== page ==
Arterial Blood Supply to the Brain The arterial blood for the brain enters the cranial cavity

by way of two pairs of large vessels: the internal carotid arteries, which branch off the common carotids, and the vertebral arteries, which arise from the subclavian arteries. The vertebral arterial system supplies the brain stem, cerebellum, occipital lobe, and parts of the thalamus, and the carotids normally supply the remainder of the forebrain. Branches of Internal Carotid Artery Route: •Cervical •Petrous •Cavernous •Supraclinoid Artery Location/path Opthalmic artery Posterior The posterior communicating Communicating arteries join the middle Artery cerebral arteries to the posterior cerebral arteries, which are part of the basilar artery system.

Part of brain it supplies Optic chiasm, parahippocampal gyrus, interpeduncular region, crus cerebri and thalamus

Symptoms of infarct

Anterior Choroidal Artery *Anterior Cerebral Artery The ACAs run medially then enter the longitudinal fissure. They curve posteriorly and run along the corpus callosum (pericallosala.) and cingulated gyrus (callosomarginala.) Linked by the Anterior Communicating Artery • The two anterior cerebral arteries usually meet over a short distance in midplane to form a short but functionally important anterior communicating artery. This vessel

Carries blood to the choroid plexus of the lateral ventricles as well as to adjacent brain structures (hippocampus) The anterior cerebral artery supplies the anterior frontal lobe and the medial aspect of the hemisphere (frontal and parietal lobes, cingulated gyrus). It supplies blood to the medial cortex, including the medial aspect of the motor strip and the sensory strip. Perforating branches supply the basal ganglia.

Blockages in these arteries can affect the production of cerebrospinal fluid and can also cause memory problems In a stroke affecting the territory irrigated by the anterior cerebral artery, weakness is most pronounced in the contralateral leg. Damage to the anterior cerebral artery can cause sensory and motor impairment in the lower body. For example, a patient who has had a stroke affecting this artery may be incontinent or have unilateral paralysis from the hips on down. A blockage in this artery can affect cognition and cause motoric problems due to damage to fibers in the internal capsule or to the basal ganglia.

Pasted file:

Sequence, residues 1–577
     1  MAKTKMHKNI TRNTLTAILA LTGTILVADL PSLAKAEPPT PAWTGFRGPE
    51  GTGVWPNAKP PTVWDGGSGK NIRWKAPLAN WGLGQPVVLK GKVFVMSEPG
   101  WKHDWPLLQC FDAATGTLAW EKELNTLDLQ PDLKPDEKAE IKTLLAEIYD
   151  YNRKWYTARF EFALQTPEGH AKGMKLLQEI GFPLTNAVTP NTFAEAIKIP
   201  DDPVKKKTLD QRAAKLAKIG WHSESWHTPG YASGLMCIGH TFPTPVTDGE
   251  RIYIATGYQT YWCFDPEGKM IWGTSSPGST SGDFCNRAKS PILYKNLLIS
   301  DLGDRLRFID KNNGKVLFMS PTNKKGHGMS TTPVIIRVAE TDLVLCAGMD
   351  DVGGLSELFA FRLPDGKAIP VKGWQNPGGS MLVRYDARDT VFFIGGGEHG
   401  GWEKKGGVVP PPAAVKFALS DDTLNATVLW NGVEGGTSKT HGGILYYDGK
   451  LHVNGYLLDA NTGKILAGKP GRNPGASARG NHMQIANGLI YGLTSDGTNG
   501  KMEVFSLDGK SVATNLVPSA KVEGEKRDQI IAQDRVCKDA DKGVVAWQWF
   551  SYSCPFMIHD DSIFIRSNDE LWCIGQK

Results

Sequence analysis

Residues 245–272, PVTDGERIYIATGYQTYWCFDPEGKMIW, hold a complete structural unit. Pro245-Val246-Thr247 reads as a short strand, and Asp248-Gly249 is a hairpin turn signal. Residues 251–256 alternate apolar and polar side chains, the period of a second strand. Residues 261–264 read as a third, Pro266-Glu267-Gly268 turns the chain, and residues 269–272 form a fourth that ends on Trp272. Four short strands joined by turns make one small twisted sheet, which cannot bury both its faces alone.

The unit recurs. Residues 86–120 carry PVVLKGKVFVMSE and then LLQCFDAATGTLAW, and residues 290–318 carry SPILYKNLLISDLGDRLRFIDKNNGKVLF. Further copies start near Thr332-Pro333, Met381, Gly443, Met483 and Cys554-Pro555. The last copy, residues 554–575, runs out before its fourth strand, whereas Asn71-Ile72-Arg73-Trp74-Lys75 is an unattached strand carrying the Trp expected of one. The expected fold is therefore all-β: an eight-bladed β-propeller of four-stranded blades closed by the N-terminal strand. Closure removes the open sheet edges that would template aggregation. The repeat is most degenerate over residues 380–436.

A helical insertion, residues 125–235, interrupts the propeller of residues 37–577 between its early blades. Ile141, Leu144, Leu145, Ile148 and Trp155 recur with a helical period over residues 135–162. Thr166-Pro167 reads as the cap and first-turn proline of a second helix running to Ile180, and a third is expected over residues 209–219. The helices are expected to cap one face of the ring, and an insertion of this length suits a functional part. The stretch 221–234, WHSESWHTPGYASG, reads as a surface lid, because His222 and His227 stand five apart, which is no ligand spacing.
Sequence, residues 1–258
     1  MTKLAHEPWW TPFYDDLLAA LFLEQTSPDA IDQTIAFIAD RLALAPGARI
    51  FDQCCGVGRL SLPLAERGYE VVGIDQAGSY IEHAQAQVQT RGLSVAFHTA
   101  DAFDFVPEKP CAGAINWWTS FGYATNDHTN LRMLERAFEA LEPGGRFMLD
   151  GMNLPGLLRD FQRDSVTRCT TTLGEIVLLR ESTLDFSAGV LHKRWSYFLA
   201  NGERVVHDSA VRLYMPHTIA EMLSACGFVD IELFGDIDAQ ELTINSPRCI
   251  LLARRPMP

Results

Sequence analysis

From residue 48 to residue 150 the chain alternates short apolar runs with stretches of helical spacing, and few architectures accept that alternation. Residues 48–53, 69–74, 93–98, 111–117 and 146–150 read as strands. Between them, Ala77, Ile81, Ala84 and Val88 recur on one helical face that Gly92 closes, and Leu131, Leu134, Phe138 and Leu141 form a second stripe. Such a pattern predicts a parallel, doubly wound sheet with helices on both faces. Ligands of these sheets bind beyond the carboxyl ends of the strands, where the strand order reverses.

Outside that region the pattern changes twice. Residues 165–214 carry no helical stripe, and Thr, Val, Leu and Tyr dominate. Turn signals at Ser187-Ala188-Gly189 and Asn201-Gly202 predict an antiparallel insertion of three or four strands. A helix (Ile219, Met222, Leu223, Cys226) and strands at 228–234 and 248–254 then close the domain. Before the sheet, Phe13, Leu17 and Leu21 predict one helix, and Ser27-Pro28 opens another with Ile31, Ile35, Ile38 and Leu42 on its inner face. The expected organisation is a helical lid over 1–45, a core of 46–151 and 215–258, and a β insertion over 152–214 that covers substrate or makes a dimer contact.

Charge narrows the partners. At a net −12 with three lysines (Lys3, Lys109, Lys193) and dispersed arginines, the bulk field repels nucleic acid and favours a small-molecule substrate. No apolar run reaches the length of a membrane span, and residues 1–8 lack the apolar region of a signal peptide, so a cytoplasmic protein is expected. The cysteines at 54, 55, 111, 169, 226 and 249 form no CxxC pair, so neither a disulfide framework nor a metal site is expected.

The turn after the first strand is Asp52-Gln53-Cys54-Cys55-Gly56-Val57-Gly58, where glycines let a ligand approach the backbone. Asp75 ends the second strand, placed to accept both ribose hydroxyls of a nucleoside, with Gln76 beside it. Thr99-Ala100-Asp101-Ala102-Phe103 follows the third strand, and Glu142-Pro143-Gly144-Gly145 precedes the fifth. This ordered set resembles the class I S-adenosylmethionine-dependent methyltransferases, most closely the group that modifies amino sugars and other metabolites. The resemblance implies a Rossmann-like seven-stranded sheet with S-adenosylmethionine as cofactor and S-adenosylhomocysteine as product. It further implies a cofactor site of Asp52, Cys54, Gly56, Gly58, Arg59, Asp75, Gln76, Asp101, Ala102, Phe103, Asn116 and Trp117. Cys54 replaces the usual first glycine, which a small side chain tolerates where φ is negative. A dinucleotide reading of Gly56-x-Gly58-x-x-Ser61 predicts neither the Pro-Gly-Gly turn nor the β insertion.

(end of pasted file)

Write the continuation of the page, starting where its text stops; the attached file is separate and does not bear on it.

*Middle Cerebral Artery

forms an anastomosis between the left and right hemispheres, which is especially important when one internal carotid becomes occluded. Loops forward around the optic chiasm forming the anterior portion of the cerebral arterial circle of Willis. The MCAs run laterally through the lateral cerebral fissure of Sylvius giving off lenticulostriate aa. In the lateral cerebral fissure, the MCAs bifurcate into superior and inferior divisions The central branches of the middle cerebral are the medial and lateral striata arteries.

The middle cerebral artery supplies many deep structures and much of the lateral aspect of the cerebrum. This large artery has tree-like branches that bring blood to the entire lateral aspect of each hemisphere. This means that this artery supplies blood to the cortical areas involved in speech, swallowing and language, including the lateral motor strip, lateral sensory strip, Broca's area, Wernicke's area, Heschl's gyrus, and the angular gyrus. In addition, it provides most of the blood supply to the corpus striatum. The striata supply the basal ganglia, internal capsule, and thalamus